LAKE BUENA VISTA, Fla. — Norman Powell took a pass from Fred VanVleet with a couple of minutes to go in the Toronto Raptors' narrow victory over Brooklyn on Wednesday, and blew past Jarrett Allen for an uncontested dunk.
VanVleet had called it.
"I told Norm before the game this felt like a Norman Powell game," VanVleet said afterward.
Powell scored most of his 24 points in a spectacular array of dunks to lift the Raptors to a 104-99 victory over the Nets, and a 2-0 lead in their opening-round playoff series.
"It's just about focusing on what we’ve gotta do, staying present, staying within yourself, and staying confident in your abilities and taking what the game has given you," said Powell. "I work a lot on my mental side and staying focused and locked in and just letting the game flow and I feel like in the playoffs nothing else matters, I'm just able to focus in on what we have to do."
On an ugly afternoon for the Raptors, they needed Powell, and he delivered off the bench, also scooping up a loose ball for the game-clinching dunk with 5.6 seconds to play.
"He can get hard on himself when he doesn't play up to his standards," VanVleet said. "So just (wanted to) stay in his ear . . . he's probably got an extra 20, 30 inches on his vertical than I do, so I wanted him to attack those same gaps that I (was seeing) and rise up. And he was able to do that with some big dunks and that one in the second quarter in particular was huge for us."
VanVleet scored 14 of his 24 points in the third quarter in the Raptors' grind-it-out win. Kyle Lowry added 21 points and nine rebounds and forced the big turnover in the dying seconds. Pascal Siakam had 19 points and six boards.
Two days after putting on a virtual clinic in their 134-110 victory in Game 1, the Raptors laboured for most of the afternoon, particularly on the offensive end against a more energetic Nets team.
The Raptors chased Brooklyn all afternoon and were down by 14 in the first quarter and trailed the Nets 80-74 with one quarter to play.
Raptors coach Nick Nurse said it took most of the game to determine what was causing his team's breakdowns.
"Is it the coverage, or is it we're not doing the coverage hard enough, or well enough? Is it a matchup or is that matchup not guarding hard enough?" Nurse said. "So there's a lot of kind of intricacies there that you're trying to figure out, and we had to switch a lot of things on the fly, a lot of coverages and a lot of matchups and a lot of stuff because it just wasn't (working).
"It was funky, and that's what you do you keep searching and searching and searching."
Seconds after being whacked hard in the face by Rodions Kurucs, OG Anunoby responded with a big driving dunk to put Toronto up by a point with nine minutes to play. Lowry spun around Joe Harris while drawing a foul, and his three-point play made it a six-point lead — Toronto's biggest to that point — with 6:44 left. Serge Ibaka's free throws stretched the difference to eight.
But the Nets wouldn't go away, and a three-pointer by Timothe Luwawu-Cabarrot had Brooklyn within three points with 40 seconds to play. The Raptors turned the ball over on a shot-clock violation, but Lowry batted the ball away on an intended handoff to Joe Harris near midcourt, which Powell pounced on for a fast-break dunk to seal the victory.
"We got the ball in the hands of our shooter," Nets coach Jacque Vaughn said. "Good defence by Kyle Lowry. The ball was intended for Joe. . . and got to Joe."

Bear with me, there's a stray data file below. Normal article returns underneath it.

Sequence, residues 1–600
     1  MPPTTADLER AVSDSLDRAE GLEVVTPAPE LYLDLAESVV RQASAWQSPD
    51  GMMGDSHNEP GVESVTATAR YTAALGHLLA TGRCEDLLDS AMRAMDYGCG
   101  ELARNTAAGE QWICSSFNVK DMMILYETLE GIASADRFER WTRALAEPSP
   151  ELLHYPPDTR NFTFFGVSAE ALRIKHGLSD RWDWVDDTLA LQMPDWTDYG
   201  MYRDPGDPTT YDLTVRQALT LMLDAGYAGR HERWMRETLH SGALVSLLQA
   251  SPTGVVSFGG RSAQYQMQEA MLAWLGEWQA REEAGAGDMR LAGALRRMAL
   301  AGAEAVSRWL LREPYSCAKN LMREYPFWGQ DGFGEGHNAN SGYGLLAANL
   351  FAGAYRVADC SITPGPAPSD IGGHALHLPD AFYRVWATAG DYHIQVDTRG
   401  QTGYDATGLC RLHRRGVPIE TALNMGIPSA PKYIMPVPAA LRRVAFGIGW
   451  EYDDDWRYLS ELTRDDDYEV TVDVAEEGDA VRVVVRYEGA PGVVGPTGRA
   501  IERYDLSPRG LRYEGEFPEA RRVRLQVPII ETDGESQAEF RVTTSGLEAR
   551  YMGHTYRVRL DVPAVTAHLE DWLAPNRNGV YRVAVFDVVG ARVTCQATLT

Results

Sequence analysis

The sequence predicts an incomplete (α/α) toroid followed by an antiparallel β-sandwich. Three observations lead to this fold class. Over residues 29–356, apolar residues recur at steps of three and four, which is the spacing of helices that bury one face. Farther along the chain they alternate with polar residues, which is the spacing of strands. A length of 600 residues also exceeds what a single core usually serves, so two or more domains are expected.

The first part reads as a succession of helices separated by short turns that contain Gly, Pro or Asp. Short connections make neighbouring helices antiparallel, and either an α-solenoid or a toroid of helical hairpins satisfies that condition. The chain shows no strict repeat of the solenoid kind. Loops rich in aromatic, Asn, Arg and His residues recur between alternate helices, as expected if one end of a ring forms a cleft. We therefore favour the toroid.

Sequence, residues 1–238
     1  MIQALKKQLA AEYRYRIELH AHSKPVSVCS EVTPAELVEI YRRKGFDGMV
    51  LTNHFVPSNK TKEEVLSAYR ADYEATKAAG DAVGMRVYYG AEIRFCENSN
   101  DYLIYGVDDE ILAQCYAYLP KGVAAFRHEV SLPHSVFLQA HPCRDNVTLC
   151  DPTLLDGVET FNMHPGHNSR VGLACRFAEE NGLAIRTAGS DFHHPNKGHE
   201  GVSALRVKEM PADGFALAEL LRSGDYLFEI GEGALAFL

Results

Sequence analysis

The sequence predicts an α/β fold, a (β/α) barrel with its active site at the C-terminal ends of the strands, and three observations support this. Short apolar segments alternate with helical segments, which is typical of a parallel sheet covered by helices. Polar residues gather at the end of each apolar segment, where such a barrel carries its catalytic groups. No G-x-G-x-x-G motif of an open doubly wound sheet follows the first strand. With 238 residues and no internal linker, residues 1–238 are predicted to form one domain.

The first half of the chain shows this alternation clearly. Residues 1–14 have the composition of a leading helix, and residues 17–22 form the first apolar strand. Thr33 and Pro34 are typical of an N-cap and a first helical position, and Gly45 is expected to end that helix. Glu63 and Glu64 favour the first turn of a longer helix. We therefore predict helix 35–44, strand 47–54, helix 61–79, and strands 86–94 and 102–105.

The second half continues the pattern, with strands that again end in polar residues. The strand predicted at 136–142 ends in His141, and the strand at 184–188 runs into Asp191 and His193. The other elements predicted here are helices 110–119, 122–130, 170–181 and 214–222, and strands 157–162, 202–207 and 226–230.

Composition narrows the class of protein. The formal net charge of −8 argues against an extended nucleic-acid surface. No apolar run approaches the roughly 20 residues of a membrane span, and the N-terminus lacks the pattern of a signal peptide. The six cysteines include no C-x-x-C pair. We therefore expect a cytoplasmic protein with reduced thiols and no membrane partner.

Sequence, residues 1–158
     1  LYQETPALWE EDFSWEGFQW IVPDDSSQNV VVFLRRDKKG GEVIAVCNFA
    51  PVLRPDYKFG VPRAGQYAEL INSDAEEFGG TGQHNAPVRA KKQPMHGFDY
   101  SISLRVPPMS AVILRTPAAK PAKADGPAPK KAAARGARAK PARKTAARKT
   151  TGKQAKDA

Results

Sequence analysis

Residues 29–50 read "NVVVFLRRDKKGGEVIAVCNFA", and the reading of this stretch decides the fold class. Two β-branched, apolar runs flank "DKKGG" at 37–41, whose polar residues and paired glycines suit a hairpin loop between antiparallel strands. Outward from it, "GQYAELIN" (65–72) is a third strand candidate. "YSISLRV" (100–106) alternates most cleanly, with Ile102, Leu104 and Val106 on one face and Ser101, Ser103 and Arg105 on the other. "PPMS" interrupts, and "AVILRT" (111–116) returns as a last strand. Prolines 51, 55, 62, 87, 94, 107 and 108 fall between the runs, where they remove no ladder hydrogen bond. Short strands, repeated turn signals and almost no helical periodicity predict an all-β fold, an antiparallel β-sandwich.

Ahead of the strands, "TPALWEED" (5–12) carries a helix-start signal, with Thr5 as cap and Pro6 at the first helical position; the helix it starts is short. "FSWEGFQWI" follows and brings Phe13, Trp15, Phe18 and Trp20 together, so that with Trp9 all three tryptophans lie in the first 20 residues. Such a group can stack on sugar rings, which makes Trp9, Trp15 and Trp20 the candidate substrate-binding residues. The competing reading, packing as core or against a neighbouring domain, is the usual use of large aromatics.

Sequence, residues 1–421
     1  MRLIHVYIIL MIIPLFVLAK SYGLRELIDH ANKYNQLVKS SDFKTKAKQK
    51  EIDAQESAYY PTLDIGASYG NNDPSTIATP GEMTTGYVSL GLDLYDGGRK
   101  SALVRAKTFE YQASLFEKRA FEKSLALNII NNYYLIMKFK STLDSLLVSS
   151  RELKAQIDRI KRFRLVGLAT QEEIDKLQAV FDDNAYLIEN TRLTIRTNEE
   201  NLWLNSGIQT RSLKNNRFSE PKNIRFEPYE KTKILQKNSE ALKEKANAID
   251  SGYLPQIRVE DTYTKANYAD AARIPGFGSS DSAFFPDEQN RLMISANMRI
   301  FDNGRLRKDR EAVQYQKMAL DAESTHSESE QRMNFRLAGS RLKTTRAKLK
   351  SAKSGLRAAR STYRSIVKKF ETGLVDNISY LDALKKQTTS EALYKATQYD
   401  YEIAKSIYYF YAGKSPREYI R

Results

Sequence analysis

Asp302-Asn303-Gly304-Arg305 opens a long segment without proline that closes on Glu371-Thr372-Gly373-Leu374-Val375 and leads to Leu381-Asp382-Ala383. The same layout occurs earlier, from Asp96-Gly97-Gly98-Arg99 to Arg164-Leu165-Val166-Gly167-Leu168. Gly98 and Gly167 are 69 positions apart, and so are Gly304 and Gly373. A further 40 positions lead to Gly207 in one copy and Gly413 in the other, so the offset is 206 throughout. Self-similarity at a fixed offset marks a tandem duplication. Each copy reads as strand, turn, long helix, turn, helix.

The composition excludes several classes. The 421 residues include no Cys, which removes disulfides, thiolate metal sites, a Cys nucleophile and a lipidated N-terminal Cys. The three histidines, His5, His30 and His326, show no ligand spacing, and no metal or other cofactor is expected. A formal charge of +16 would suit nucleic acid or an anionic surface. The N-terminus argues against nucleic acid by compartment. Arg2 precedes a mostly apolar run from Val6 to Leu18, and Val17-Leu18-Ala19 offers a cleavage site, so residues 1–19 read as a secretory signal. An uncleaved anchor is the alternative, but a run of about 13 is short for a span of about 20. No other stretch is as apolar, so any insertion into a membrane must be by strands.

The Nets later said on Twitter that Harris is exiting the NBA's bubble due to a non-medical personal matter, leaving the already short-staffed team without another key player.
"The status of his return will be updated as information becomes available," the Nets said.
Game 3 is Friday.
In the first-to-four-wins chess match of post-season basketball, Nurse said there are benefits to an ugly victory.
"I think this is a really good example of playoff basketball," he said. "Each game takes a whole different shape. Now I would assume game three's going to take another one . . . it's what makes it so interesting and intriguing."
Siakam has been the Raptors' No. 1 offensive option this season since Kawhi Leonard left last summer for the Los Angeles Clippers, but there have been questions in Florida about him not performing up his capabilities.
His solid game Wednesday made up for the criticism.
"I'm just trying to make plays, that's all," Siakam said.
And if there are still questions about the Cameroonian forward, Nurse made it clear in his pre-game availability with the media that he's had enough of them.
"It seems to be since we got here a lot of talk about Pascal, Pascal, Pascal, Pascal, Pascal, Pascal, Pascal, Pascal, Pascal, and he's playing really well and fine and I'm not sure what everybody's issue is with continuing to question his play and all this kind of stuff," an irritated Nurse said.
"He's a really good player and he's going to do his thing, but we like to take what comes to us and not get too bonkers here about that."
Brooklyn had the Raptors on their heels virtually from tip-off Wednesday, and took a 14-point lead on Allen's alley-oop dunk from LeVert midway through the frame. The Raptors responded with a 13-0 run to pull to within a point, and then trailed 33-29 to start the second.
A mini-8-2 run put Toronto up briefly by a point in the second quarter, and Brooklyn took a 53-50 advantage into the halftime break.
VanVleet led the way with 14 points in the third quarter, but the Raptors trailed by as many as 10 in the frame.
The Raptors had lost the second game in three consecutive playoff series during last season's historic run, against Golden State, Milwaukee and Philadelphia.
This report by The Canadian Press was first published Aug. 19, 2020.
The Canadian Press